This week, I'm thinking about Value-Engineering in Product Design.
Value Engineering (VE) is the ratio of Function to Cost.
Increasing Function or Lowering Costs are both valid methods of increasing Value to the customer. But sometimes, increasing both Function and Cost is appropriate.
Imagine for a minute, that "Bob" is looking for a fun way to get outside. He sees other people riding a bike. He thinks he might like to ride a bike.
Bob doesn't want a bicycle, but he wants the experience that the bicycle can give him.
He wants to experience riding around the lake with the wind at his back
OPTION 1: Bob finds a new bike at his local bike shop for $1000. The bike is decked out. It has all the options. It's a really good price.
OPTION 2: Bob finds a similar bike at the bike shop for $500. The bike is a base model, without any options. It's an entry-level bike.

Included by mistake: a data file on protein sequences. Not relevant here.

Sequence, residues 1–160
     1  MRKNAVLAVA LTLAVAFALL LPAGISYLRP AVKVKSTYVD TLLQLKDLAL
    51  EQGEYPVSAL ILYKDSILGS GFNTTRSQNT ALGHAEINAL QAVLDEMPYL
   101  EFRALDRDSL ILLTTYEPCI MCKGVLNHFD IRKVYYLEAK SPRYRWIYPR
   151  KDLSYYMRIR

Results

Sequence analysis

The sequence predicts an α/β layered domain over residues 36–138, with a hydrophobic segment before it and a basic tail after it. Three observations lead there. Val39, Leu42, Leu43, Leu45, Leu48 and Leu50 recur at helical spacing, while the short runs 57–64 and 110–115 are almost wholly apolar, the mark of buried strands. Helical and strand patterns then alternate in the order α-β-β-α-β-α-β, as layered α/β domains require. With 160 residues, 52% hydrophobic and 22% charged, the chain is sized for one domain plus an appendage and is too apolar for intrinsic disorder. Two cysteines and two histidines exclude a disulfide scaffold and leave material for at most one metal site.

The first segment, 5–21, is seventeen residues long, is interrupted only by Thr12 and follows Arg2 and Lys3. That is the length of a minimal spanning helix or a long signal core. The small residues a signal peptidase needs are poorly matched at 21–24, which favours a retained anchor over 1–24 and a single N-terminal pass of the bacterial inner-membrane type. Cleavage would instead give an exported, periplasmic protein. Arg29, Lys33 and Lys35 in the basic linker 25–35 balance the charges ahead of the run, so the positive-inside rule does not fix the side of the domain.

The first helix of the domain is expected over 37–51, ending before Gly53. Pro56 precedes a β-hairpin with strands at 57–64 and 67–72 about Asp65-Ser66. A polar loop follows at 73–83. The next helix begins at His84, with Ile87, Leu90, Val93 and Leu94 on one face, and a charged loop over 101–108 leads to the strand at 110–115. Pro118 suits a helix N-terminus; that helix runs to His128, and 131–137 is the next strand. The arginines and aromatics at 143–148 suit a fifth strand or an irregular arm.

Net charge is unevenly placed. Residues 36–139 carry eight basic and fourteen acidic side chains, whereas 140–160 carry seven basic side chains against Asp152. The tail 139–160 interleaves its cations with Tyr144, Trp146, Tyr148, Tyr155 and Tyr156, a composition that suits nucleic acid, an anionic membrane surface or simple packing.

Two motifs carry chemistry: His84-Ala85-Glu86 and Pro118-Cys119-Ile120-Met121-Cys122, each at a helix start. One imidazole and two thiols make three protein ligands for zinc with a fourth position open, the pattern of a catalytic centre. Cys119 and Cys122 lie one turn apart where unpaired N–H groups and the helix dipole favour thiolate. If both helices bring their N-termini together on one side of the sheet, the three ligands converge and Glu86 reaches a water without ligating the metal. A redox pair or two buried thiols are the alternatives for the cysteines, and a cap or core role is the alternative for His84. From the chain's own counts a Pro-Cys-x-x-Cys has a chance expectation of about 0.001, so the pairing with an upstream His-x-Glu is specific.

OPTION 3: Bob searches his local Craigslist and finds a bike for $500. He stops by to look it over and finds out that it's the same premium bike that he saw at the store. Brand new in box, never ridden.
OPTION 4: Bob finds a used, functional e-bike for $1500
Let's discuss the value that Bob sees in each option:
Option 1: Bob decides that it's a regular bike that he really wants. He inherently trusts the bicycle dealer, and he wants the security of the one-year warranty.
Option 2: Bob wants to reduce cost, and is willing to sacrifice functionality to keep some cash in his pocket. He inherently trusts the bicycle dealer, and he wants the security of the one-year warranty.
Option 3: Bob wants to reduce cost, and is willing to take on some risk to keep some cash in his pocket.
Option 4: Bob realizes that if he spends a bit more, he can get something to provide a much better riding experience.
Many times our design efforts are hyper-focused on removing functionality to reduce cost.
In some cases we could increase functionality and increase cost to add more value to the end customer.
Sometimes the higher-priced option is the better value.